Source of the picture: problemhedgesaustralia.com
Consider the following sentences and describe the function of the italic words and clauses in relation to the whole utterance:
a. I'm not sure if this is right, but I heard they separated.
b. She couldn't live with him, I guess.
c. He is a slightly stupid person.
d. I am not an expert, but you might want to try restarting your computer.
e. The party was somewhat spoiled by the return of the parents.
Source of the picture: medicanti.de
Did you work it out? The italic words and clauses above lessen the impact of the respective utterance, this mitigating device is called hedge. The number of hedges, i.e. indications that what we say may not be totally accurate, reflects the importance of the maxim of quality for cooperative interaction in English.
Consider the following speaker's account of her recent vacation (quoted from Yule, 1996): Do you think the speaker might even be conscious of another maxim? If so, which maxim?
a. As you probably know, I am terrified of bugs.
b. So, to cut a long story short, we grabbed our stuff and ran.
c. I won't bore you with all details, but it was an exciting trip.
Source of the picture: wales.nhs.uk
The initial phrases in the sentences above show that the speaker is conscious of the quantity maxim, thus, she reduces her account to a length appropriate for the current purpose of exchange.
Hedges may intentionally or unintentionally be employed in both spoken and written language since they are crucially important in communication. Hedges help speakers and writers communicate the degree of accuracy and truth in assessments more precisely.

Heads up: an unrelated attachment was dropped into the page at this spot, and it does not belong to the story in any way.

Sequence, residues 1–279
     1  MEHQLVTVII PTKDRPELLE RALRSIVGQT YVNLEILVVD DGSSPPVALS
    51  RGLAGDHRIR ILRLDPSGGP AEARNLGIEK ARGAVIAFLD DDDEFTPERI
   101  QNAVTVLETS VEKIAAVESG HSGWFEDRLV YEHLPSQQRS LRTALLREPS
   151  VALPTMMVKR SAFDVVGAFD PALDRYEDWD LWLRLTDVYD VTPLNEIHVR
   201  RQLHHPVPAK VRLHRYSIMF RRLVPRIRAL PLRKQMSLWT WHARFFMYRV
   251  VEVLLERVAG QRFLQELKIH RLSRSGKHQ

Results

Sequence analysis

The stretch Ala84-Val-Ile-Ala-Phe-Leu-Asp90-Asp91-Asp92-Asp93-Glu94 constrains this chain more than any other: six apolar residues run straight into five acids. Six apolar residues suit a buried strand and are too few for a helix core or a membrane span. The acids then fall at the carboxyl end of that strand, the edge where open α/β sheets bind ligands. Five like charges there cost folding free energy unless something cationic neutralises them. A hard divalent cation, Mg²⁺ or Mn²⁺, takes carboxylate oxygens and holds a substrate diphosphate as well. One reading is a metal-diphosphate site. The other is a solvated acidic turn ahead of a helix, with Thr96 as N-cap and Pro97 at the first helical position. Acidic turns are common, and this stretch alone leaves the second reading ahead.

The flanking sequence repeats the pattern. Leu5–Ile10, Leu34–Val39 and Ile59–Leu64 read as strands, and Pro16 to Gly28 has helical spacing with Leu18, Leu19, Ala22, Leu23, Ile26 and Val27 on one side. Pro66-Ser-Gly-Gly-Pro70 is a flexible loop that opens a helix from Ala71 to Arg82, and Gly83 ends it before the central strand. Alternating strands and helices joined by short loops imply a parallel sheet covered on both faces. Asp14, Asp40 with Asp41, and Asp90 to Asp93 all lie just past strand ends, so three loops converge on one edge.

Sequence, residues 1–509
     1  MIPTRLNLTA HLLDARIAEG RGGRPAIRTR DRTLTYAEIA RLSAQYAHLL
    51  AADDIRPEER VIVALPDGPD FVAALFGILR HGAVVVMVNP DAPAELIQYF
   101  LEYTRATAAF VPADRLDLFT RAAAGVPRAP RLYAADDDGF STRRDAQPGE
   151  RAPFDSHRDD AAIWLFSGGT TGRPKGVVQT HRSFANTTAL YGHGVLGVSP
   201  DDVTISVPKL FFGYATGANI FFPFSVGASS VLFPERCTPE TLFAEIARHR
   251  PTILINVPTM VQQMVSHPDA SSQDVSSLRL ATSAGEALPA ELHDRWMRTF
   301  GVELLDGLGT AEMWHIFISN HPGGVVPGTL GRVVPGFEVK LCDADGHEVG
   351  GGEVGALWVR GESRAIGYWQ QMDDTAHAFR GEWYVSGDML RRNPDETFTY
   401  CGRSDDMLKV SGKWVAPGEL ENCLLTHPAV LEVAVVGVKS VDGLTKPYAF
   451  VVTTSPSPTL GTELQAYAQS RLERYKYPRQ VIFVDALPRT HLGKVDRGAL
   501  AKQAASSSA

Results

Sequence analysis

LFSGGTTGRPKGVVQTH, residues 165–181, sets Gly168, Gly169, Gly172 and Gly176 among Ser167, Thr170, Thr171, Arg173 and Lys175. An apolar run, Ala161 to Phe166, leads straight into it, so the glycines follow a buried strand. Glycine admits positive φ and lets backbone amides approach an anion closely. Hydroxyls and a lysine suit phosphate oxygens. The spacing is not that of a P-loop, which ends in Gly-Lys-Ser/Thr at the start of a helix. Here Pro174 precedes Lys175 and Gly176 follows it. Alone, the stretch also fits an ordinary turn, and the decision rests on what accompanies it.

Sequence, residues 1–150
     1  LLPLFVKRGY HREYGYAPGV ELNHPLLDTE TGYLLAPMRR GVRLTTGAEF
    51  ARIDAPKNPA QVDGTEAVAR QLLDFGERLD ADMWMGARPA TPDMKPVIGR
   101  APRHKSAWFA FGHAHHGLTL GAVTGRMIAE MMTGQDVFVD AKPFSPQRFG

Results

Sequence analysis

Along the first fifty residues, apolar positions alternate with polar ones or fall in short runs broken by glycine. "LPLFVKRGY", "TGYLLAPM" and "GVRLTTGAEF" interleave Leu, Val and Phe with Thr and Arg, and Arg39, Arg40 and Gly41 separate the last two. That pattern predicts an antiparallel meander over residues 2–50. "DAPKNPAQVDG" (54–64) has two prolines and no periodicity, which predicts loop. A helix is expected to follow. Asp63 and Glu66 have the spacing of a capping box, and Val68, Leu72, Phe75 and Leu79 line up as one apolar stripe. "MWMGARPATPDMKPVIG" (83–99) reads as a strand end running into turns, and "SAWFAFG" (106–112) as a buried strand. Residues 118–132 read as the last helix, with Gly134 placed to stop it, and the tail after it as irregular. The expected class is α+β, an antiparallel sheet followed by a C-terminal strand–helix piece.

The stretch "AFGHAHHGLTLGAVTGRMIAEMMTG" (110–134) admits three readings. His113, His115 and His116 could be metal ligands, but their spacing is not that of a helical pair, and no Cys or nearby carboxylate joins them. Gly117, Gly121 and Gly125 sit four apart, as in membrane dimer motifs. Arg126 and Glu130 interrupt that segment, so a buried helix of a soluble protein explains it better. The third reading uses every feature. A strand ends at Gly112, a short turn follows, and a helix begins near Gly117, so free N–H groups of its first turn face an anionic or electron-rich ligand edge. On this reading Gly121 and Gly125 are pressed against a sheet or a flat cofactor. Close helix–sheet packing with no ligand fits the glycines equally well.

It seems that when people are involved in conversations, they do not only want to convey information, but are also eager to show that they are aware of and observing the maxims.
However, there are some situations - such as in classroom and courtroom talk - in which speakers do not follow the Gricean Maxims. Such specialized institutional talk differs from regular conversations since students and witnesses often tell people things which are already well-known to those people. In doing so, they violate the maxim of quantity.
Furthermore, a speaker may avoid the maxims in responding "No comment!" or "My lips are sealed" to a question. A similar aspect is mentioned on the main page Cooperation and Implicature, namely the use of the tautologous sentence "A sandwich is a sandwich" as an answer to the question "Do you like your sandwich?". These expressions are typically not as informative as required, yet they are interpreted as communicating more than has been said (i.e. the speaker knows the answer or at least assumes some possible answers). This reaction of a listener to assume additional information, when the expectations of the cooperative principle are not followed leads us to the notion of conversational implicature.